Renewed interest in an ancient practice known as 'ghost marriages' has spawned a rise in grave robbing in a rural area of China.
The ritual, which was highly popular in the 10th century, centers around the belief that it is bad luck for unmarried men to be buried alone.
In order to combat this concern, surviving relatives would procure a 'corpse bride' to be buried alongside their departed family member.
Although banned in 1949, 'ghost marriages' were still practiced using artificial proxies for the 'corpse bride' made out of dough or paper.
Incredibly, some companies even offered to match deceased men with recently depearted women in order to facilitate 'authentic ghost marriages.'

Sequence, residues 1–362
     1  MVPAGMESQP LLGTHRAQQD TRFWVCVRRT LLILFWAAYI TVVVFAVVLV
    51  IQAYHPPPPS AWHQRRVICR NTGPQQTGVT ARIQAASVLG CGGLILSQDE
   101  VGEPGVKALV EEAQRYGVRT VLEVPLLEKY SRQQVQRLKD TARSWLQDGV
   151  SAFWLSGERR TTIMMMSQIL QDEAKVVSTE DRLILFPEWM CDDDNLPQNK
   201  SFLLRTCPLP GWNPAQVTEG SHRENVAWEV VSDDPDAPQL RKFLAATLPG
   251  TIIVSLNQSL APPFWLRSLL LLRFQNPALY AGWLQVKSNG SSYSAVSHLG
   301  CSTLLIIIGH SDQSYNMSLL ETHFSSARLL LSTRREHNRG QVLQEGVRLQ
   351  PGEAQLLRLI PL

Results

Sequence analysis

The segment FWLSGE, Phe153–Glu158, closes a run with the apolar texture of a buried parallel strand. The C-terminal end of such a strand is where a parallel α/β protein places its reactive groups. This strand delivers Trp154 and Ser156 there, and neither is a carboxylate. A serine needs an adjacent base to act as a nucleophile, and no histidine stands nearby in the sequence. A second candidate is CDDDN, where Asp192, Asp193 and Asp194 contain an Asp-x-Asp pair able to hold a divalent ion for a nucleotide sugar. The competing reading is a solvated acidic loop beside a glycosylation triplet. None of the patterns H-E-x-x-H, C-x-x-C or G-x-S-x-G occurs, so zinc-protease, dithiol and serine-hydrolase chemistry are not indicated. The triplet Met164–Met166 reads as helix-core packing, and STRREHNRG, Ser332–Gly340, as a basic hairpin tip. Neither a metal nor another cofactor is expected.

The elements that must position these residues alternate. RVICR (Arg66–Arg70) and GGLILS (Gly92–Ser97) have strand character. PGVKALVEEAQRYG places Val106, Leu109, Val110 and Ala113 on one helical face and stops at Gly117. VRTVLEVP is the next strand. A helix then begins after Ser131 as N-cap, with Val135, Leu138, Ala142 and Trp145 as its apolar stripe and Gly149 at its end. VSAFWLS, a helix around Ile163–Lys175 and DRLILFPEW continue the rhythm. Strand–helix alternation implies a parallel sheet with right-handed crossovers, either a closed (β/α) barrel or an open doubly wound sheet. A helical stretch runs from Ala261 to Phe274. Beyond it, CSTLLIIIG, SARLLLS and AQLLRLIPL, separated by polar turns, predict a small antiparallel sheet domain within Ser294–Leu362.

But it appears that residents of the Shanxi province are now taking matters into their own hands as a reported three dozen female bodies have been stolen from their graves in the area over the last three years.
The spate of thefts are likely fueled by both the relatively light punishment for the crime coupled with the high price a 'corpse bride' can earn for an industrious grave robber.
Since the pilfered bodies are quickly buried alongside their new 'husbands,' catching perpetrators have proven to be a difficult take for authorities.
And, really, who wants to be the one to break up a wedding, even if it is for a 'ghost marriage?'